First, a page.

LBNL opens comment period for Richmond Bay Campus

The LBNL's Community Advisory Group met Monday night, and discussed plans for the proposed Richmond Bay Campus. (Photo by: Rachel Waldholz)

The LBNL's Community Advisory Group met Monday night, and discussed plans for the proposed Richmond Bay Campus. (Photo by: Rachel Waldholz)

What should the Lawrence Berkeley National Lab (LBNL) take into account as it begins the environmental review for its new Richmond Bay Campus? Wildlife and birds? Noise pollution and new traffic? These are question for Richmond residents, who have until February 4 to make suggestions.

Last January, LBNL chose Richmond as the preferred site for its second campus, which will consolidate several bioscience facilities now scattered throughout the region. Richmond aggressively sought the lab–which city officials hope will be an economic engine for the city–and won out over five other Bay Area cities. Development is slated to begin in 2014 at the earliest.

Earlier this month, LBNL began the scoping process for the new campus, during which it will decide what to include in the project’s Environmental Impact Report. The EIR will list the development’s potential environmental effects, covering everything from air and water quality to land use and light pollution. It will then propose strategies to mitigate those impacts. The public comment period on the scoping process offers residents the chance to weigh in on what the EIR should consider.

“Before we write the analysis, we go to the public and say, ‘What do you think should be in the analysis?’” said Sam Chapman, the lab’s manager of state and community relations.

The EIR will cover the lab’s Long Range Development Plan, which lays out a vision for the site through 2050, as well as the more immediate Phase I, which covers construction through 2018.

Residents can find the Notice of Preparation online—a 35-page document that lists all of the topics the lab plans to cover in the EIR. Anyone who wants to suggest additions or changes can comment online, via mail, or at a public meeting in City Council chambers on January 23. The public comment period ends February 4.

The lab’s staff hope to have a draft EIR ready by the end of spring, at which point the public will be invited to weigh in again.

At a meeting of LBNL’s Community Advisory Group on Monday night, member Elizabeth Stage, a Berkeley resident and Director of the Lawrence Hall of Science, said she was impressed by how thorough the draft scoping document is. “It looks like they’re trying to make the space better and more sustainable and for the future,” she said, adding that the document’s focus on issues “related to shoreline, marshland, open space, and anticipating water level rise … makes it a forward-looking plan.”

Plus, she said, the draft has that rarest quality among environmental review documents: “It’s readable.”

One Comment

  1. Everyone should watch this:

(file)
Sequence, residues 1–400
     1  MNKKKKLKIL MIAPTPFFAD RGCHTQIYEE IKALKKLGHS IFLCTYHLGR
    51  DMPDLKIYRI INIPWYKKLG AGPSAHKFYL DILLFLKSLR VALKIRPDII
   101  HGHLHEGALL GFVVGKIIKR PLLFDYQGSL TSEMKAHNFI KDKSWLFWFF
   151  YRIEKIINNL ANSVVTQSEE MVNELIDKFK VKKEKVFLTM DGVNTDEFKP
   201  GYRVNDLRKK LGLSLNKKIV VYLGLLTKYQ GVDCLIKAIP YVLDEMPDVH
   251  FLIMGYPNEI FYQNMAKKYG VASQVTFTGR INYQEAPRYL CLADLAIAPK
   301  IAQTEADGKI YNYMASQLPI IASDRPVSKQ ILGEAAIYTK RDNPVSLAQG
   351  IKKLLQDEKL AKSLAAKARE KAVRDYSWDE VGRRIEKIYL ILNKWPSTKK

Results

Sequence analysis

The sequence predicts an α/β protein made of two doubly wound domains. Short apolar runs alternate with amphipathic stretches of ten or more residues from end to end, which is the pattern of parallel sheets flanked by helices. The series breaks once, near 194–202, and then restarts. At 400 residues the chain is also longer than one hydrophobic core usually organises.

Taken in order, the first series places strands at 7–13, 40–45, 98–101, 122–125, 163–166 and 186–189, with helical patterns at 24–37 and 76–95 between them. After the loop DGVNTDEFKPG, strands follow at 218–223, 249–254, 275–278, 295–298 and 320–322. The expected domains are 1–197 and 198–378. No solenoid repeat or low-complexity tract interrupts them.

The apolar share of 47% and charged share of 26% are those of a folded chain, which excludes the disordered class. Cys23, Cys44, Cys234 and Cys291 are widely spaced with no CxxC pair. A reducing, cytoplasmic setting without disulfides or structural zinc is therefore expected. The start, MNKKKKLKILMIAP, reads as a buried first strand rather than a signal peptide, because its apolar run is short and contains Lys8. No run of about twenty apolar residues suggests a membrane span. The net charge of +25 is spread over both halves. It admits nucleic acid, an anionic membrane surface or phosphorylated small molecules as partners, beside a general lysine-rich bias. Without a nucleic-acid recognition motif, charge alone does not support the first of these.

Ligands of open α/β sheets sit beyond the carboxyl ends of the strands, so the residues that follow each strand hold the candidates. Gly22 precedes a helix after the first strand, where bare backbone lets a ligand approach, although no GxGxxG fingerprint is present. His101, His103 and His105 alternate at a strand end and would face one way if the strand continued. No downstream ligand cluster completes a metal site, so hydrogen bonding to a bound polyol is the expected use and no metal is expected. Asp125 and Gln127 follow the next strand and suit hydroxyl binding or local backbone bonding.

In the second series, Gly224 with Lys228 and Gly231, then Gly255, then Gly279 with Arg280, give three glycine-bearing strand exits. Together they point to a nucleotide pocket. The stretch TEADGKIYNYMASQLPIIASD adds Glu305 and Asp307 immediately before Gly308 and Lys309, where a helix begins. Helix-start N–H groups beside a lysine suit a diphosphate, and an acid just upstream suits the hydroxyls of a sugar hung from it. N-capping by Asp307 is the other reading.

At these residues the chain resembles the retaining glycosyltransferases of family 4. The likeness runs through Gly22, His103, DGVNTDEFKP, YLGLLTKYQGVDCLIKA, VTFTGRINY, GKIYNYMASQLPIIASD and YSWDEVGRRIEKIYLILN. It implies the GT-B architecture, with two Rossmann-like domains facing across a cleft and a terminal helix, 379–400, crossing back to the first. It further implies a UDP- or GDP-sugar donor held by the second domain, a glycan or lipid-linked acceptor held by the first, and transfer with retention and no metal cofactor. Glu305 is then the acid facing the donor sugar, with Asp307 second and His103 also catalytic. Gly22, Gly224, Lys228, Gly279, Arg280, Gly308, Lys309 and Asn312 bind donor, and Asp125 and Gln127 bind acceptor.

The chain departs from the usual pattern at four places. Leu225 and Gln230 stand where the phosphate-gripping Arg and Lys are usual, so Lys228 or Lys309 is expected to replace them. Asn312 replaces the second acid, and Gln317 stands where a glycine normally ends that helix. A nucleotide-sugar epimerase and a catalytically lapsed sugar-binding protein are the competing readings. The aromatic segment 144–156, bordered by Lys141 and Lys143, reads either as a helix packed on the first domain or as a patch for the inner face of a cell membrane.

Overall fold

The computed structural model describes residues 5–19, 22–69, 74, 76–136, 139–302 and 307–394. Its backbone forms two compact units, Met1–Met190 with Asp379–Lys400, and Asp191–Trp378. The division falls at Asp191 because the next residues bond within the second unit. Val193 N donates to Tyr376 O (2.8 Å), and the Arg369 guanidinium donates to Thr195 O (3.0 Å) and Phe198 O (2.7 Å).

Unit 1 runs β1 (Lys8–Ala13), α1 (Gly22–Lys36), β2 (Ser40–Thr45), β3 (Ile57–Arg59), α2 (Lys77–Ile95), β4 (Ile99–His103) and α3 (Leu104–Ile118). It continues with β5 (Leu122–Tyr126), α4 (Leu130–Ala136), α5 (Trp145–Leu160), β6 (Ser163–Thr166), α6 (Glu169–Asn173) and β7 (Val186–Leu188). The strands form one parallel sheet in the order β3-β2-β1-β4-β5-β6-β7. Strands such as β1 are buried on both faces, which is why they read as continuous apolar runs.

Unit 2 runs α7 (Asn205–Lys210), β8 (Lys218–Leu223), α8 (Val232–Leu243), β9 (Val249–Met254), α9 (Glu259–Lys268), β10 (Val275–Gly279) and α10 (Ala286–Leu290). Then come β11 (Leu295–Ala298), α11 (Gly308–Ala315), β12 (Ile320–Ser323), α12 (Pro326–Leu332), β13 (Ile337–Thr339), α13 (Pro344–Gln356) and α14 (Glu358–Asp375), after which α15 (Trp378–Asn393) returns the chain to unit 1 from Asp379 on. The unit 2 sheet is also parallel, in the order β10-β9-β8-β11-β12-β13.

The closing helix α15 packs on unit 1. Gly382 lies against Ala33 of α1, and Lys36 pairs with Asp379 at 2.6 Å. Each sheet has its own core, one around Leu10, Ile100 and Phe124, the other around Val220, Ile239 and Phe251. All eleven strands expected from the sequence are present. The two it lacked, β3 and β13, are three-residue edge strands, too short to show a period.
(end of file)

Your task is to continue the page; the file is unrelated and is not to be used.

The Bay Area Bio Lab & Synthetic Biology, False Solutions Part Two, Panel Discussion
    Convened by: Alliance for Humane Biotechnology, California BioSafety Alliance, California Coalition For Workers Memorial Day, Center for Environmental Health…
    http://www.youtube.com/watch?v=5ynQfmC4h0M&feature=youtu.be

    QUOTES:

    “I worked for a start-up company in Davis, California; it was originally spun off of UC-Davis.“Did I think I was safe when I worked there?When I first started out I was a senior in college. I absolutely thought I was safe.I was told by my college professor’s, before I began working there, that as a scientist; that we had pretty much the safest job in the world. That if we ever got ill; that our brethren, our doctors.. everyone who… other biologist’s would do anything that they could. That the CDC would isolate it and they would try their best to cure it.I worked in two (2) projects; one of them was a biofungicide and the other one was a mosquito larvacide.Mosquito larvacide was my main project. The biofungicide was developed because the marketplace wants organic food and in order to produce organic foods we need pesticides and fungicides for organic foods that are certified organic. So…so the only way we can do this is to come up with fungi and bacteria to apply to your food in the field.The one we worked on was a cousin of anthrax. It can survive autoclaving; so it would maybe it will be able to survive your oven or your stovetop.Yeah… I thought I was safe. I thought I was safe because my teachers told me that; because the people I was working with were associated with the University of California-Davis, which had credibility. Because the research was associated with credibility and these people have PhD’s. I mean they have a higher education level than I.So… I definitely assumed I was absolutely safe.[Audience] But you got sick?Oh yeah… I got sick.[Audience] What happened?What happened? Briefly; I was at work one day on a Tuesday and I ended up in surgery in less than a week (scheduled for surgery). Sinus infection; unknown organism.Had surgery… started with the first one and ended up with four surgeries. Now a portion of my immune system is turned off. I have an acquired immune deficiency. It’s not the one everybody thinks about in the bay area.Where it came from; whether it’s spontaneous or whether it’s related to the actual employer… it’s an interesting question. That’s a question I have myself . ”

    AND

    “My particular field is actually regulated with FIFRA, ok, because I worked in pesticides. It’s Federal Insecticide Fungicide Rodentcide Act. It’s considerably more specific than the EPA.There was no enforcement. There were tons of violations under what was recommended; what would actually be rights of the farm worker, but when it came to a laboratory worker; they violated left and right. There was no enforcement what-so-ever.”

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